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What if you looked around one day and saw all the success in the world … only it wasn’t what you wanted?

That’s the central question being asked by Barry Cohen, the protagonist of Gary Shteyngart’s new novel “Lake Success” (Random House, $28). It’s a story of discontent among the one percent, a look-in on the lives of people whose problems are both wildly different and oddly similar to our own. It’s also a sharp and whip-smart deconstruction of the American Dream – one in which the dreamer discovers that maybe they didn’t want it to come true after all.

Published in Buzz

If you’re looking to read some YA genre fiction, you’ve got plenty of options. You can’t swing a cat in a bookstore without hitting half-a-dozen sci-fi/fantasy/whatever books aimed at younger readers. If you’re looking to read some GOOD YA genre fiction, well … you’re going to need to put the cat down.

The point is that there’s a glut of content out there, so don’t be afraid to shape your expectations accordingly. Look for something that speaks to you - whether it’s an author or a plot or a theme or an idea - and take a swing.

Will McIntosh’s “The Future Will Be BS Free” (Delacorte Press, $17.99) promises something that feels a little different. It’s the story of a near-future America under the sway of a despotic and corrupt President, one in which the truth has become so malleable and subjective as to be almost meaningless as a concept. Into this America, a group of gifted teens attempts to bring a beacon – an unfailingly accurate and foolproof lie detector. But their initial dreams of societal (not to mention financial) gain soon fall by the wayside as they discover that there are plenty of people out there with little interest in the truth.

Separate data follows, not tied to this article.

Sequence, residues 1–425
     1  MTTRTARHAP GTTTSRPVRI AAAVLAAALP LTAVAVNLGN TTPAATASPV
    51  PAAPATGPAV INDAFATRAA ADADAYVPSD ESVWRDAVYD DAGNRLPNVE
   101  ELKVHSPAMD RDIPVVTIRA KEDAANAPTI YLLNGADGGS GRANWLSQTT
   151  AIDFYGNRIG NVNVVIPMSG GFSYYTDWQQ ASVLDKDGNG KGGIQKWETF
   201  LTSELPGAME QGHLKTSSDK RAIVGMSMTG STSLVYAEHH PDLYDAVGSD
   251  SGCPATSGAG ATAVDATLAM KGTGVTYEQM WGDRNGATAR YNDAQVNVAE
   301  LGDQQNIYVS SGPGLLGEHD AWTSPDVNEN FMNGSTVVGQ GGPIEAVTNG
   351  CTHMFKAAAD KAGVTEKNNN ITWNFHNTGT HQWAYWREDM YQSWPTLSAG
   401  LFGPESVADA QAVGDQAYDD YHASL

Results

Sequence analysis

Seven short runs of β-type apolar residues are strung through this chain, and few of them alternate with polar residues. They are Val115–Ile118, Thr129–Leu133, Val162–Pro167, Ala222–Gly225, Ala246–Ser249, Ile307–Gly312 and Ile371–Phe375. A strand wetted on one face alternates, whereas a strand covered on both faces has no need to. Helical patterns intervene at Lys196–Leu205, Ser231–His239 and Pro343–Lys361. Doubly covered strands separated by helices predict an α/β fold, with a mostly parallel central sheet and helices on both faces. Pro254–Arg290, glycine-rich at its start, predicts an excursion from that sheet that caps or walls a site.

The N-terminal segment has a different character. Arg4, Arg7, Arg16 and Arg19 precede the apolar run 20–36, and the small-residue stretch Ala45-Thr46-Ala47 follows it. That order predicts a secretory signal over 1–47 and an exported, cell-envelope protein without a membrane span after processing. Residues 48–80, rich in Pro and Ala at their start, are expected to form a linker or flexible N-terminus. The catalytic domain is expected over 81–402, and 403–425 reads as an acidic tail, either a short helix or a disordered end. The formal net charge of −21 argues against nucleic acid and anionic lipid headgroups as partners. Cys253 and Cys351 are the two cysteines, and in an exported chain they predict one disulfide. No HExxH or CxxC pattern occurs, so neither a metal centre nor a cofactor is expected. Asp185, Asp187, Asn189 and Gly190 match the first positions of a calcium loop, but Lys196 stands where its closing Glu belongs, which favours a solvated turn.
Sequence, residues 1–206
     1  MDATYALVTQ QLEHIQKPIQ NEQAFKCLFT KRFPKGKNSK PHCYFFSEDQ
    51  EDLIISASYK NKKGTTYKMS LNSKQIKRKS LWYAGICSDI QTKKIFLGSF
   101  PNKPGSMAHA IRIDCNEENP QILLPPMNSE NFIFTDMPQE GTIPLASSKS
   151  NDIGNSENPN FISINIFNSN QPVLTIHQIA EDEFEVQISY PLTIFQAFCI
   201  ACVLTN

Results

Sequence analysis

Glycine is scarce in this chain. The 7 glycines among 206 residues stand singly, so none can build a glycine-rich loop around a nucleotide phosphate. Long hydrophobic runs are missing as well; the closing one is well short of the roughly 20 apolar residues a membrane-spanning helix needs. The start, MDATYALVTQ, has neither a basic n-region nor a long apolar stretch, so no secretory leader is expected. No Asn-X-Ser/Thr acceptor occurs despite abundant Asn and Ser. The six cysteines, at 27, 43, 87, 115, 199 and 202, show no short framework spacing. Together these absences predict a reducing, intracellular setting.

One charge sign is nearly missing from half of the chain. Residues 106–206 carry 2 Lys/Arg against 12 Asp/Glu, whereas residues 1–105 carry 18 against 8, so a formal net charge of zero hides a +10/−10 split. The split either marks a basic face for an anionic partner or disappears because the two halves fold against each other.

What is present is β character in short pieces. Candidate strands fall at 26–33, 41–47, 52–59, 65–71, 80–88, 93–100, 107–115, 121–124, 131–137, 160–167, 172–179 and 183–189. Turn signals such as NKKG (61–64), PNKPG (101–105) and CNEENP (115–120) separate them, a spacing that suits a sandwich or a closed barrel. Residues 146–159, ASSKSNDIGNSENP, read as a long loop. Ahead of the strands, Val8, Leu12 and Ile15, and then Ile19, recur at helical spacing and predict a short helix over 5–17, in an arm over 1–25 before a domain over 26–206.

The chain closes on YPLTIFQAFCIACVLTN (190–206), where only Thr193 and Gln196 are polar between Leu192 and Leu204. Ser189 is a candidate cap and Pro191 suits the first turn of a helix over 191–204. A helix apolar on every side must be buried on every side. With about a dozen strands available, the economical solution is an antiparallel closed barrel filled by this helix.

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There are those who will rail against the world, who will do everything in their power to strike back against any real or imagined powers that hold them down. And there are others who want nothing more than to simply remove themselves from the fight, to check out until such time as their problems have somehow miraculously solved themselves.

The unnamed protagonist of Ottessa Moshfegh’s latest novel “My Year of Rest and Relaxation” (Penguin Press, $26) falls very much into the latter category; she’s a young woman who on the surface appears to have it all, yet desires to completely ignore the world as it rolls on around her … and is willing to go to some extreme measures to achieve that ignorance.

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Baseball as a metaphor has been a literary device since the game’s inception. It has proven fertile ground for stories of fathers and sons, of passion and regret, of failure and triumph.

Mark Di Ionno is the latest to bring our national pastime to the printed page with his novel “Gods of Wood and Stone” (Touchstone, $26). Now, this book isn’t ABOUT baseball – not really. It’s more that it is built AROUND baseball, using the game as a lens to focus the narrative. And what a narrative it is, a story of relationships and disappointments, about the regrets that haunt us and the damage caused by the decisions we make. It’s a tale of loneliness and obsessions and the power of passion.

Published in Sports

In the realm of speculative fiction, the line between “inspired by” and “derivative of” is gossamer thin. It can be wonderful to read works that wear their influences proudly, but if influences are all the reader sees, the story ultimately falls short.

But sometimes you read a book that pulls from the stories that have come before while also generating something with heft and impact, something that feels timely and thoughtful, something that is reminiscent of what has come before without ever feeling like a facsimile.

Siobhan Adcock’s “The Completionist” (Simon & Schuster, $26) is just such a book, a vivid rendering of a bleak near future where water shortages have led to scientific solutions with unintended consequences – consequences that have put the future of mankind into question.

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There’s a big difference between literary fame and literary greatness.

There are plenty of writers who are great without being famous and more than a few who are famous without being great. A very specific confluence of circumstances is required for an author to achieve both. But even the greatest, most famous writers come to the end of their story.